Kingsley Hall

Gandhi at Kingsley Hall.jpg Architects Journal, 16 July 1930.jpg

Determined to bring some relief to slum inhabitants of London’s east end, in 1912 Doris and Muriel Lester started a nursery school on Bruce Road in Bow. Their brother, Kingsley, died in 1914, and left his money to the sisters’ quest. Building upon this donation, funds were raised to enable the construction of Kingsley Hall in 1927. It was designed by Charles Cowles-Voysey, the son of a prominent arts and crafts designer who favoured the pared down classicism of the interwar years. The architecture supported and expressed the spiritualism of Christian philanthropy which underwrote the Lesters’ mission. The main meeting hall was used for religious and community functions while the roof top cells resembled those of a hermitage. Kingsley Hall brought international figures like Gandhi and his followers to the East End, while also becoming a base for Muriel Lester’s later international pacifist campaigns.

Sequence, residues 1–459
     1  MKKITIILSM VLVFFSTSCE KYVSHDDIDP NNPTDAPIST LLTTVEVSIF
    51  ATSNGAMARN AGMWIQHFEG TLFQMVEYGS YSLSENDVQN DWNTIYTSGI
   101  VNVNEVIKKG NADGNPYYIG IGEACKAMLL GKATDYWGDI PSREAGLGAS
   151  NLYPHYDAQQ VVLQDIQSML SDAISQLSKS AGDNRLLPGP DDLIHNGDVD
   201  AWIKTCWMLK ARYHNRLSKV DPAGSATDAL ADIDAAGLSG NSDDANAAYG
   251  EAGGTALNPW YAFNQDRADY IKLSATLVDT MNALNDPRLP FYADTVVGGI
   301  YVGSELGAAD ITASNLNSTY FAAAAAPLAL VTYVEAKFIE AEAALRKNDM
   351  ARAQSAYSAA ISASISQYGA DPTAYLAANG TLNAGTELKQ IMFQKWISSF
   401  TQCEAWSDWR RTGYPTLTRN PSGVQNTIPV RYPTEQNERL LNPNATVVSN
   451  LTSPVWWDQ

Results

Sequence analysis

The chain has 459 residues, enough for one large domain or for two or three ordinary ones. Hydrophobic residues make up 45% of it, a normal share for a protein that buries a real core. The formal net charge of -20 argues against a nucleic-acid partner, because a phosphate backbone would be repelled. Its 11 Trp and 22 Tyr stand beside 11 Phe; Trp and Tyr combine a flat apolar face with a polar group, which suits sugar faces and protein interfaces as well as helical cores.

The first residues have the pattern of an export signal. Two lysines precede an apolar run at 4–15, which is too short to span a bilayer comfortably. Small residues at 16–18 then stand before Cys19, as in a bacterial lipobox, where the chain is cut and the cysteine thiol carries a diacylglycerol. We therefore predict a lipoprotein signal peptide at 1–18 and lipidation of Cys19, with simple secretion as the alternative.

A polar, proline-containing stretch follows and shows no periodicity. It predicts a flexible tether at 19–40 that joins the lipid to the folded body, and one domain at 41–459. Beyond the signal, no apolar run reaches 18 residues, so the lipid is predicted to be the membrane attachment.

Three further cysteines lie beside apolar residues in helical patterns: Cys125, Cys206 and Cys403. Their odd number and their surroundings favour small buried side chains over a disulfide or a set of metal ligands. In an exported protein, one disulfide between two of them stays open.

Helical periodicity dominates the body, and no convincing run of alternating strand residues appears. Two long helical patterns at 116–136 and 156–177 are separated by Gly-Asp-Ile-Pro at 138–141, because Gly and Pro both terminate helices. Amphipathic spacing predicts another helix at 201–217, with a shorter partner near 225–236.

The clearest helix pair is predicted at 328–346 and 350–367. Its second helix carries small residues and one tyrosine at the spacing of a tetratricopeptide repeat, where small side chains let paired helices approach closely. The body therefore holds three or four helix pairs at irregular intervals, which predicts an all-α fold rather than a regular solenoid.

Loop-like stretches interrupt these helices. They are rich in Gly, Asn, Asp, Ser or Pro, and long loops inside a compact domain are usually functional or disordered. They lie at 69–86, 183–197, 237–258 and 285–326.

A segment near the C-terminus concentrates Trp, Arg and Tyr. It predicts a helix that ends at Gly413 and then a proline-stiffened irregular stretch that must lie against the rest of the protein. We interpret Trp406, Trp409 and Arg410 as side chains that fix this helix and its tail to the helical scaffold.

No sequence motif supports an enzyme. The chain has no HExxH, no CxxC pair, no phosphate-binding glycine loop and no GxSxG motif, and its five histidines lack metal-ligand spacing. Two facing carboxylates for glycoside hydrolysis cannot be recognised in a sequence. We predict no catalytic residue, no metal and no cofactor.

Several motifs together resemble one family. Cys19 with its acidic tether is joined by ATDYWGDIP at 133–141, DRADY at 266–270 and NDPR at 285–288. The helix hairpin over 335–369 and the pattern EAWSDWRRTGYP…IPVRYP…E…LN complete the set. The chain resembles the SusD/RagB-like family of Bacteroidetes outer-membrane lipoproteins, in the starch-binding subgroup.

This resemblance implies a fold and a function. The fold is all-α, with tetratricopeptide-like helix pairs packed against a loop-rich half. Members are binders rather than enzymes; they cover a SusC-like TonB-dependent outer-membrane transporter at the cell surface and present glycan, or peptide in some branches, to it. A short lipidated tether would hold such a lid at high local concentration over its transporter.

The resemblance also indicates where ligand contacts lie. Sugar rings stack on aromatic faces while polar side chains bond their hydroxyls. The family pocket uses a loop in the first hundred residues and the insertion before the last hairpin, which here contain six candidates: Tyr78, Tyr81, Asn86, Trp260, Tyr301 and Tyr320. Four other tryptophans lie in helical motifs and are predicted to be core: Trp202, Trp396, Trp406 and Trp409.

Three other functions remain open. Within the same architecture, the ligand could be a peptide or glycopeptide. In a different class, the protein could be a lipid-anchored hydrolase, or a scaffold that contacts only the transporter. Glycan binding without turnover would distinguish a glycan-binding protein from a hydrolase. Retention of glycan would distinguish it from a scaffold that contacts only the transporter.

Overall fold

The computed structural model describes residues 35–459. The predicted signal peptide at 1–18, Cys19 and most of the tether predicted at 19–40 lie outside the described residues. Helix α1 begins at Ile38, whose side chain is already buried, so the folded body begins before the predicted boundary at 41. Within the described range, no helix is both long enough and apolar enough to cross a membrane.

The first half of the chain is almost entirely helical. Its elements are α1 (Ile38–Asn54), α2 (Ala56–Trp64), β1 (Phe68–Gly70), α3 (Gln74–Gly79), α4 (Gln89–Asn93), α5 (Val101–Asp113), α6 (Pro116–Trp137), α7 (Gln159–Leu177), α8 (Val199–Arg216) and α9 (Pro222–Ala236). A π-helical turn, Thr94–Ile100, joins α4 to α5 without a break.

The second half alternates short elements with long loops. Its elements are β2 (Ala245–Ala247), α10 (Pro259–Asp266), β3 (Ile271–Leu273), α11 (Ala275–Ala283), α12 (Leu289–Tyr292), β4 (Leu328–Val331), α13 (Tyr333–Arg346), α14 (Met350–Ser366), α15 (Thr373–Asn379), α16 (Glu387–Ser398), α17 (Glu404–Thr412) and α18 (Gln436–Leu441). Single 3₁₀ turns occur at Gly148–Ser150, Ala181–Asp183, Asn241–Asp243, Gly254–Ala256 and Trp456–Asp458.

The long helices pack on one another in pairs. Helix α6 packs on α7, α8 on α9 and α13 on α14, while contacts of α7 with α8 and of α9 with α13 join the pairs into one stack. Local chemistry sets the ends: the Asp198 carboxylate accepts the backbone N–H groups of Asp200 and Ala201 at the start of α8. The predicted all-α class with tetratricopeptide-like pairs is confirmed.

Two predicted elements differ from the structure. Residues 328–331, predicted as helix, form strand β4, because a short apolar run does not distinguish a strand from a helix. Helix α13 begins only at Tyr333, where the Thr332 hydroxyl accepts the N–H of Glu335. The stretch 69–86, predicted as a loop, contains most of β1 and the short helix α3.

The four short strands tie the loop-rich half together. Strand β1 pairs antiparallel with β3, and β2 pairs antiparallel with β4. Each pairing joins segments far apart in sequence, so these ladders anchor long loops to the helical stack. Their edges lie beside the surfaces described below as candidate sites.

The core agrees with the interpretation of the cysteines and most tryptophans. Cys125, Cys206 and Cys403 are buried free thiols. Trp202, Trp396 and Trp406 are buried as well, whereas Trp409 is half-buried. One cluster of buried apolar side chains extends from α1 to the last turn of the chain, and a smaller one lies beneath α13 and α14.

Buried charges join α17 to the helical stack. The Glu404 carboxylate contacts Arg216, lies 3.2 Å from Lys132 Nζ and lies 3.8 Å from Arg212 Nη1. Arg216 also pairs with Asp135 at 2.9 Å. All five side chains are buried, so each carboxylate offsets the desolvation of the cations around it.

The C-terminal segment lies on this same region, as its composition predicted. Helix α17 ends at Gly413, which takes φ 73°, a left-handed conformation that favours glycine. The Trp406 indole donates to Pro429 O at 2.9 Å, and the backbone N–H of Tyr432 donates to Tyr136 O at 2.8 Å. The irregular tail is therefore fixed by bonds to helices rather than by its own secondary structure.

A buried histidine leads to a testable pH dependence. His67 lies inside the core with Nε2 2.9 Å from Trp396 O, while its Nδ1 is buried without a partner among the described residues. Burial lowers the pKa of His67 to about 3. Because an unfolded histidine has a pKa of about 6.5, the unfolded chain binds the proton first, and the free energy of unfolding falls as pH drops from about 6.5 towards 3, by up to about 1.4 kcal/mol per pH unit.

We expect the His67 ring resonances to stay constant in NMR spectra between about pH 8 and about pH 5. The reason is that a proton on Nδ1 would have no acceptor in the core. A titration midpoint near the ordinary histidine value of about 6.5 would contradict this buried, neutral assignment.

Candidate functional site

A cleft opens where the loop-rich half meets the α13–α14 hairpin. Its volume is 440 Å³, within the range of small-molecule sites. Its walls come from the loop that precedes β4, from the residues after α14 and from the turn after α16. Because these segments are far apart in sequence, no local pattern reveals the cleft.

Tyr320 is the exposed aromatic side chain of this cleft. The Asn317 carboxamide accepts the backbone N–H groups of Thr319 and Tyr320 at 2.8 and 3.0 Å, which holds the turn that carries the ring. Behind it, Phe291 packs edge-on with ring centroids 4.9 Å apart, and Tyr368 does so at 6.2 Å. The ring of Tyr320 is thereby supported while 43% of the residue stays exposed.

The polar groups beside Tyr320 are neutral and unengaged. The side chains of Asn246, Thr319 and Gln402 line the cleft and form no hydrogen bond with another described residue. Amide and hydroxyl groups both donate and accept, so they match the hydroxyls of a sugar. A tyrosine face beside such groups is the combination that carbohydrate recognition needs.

Further information:

Kingsley Hall Community Centre:

The Church and Community Centre:

On RD Laing’s later use if the Hall as an experimental psychiatric space: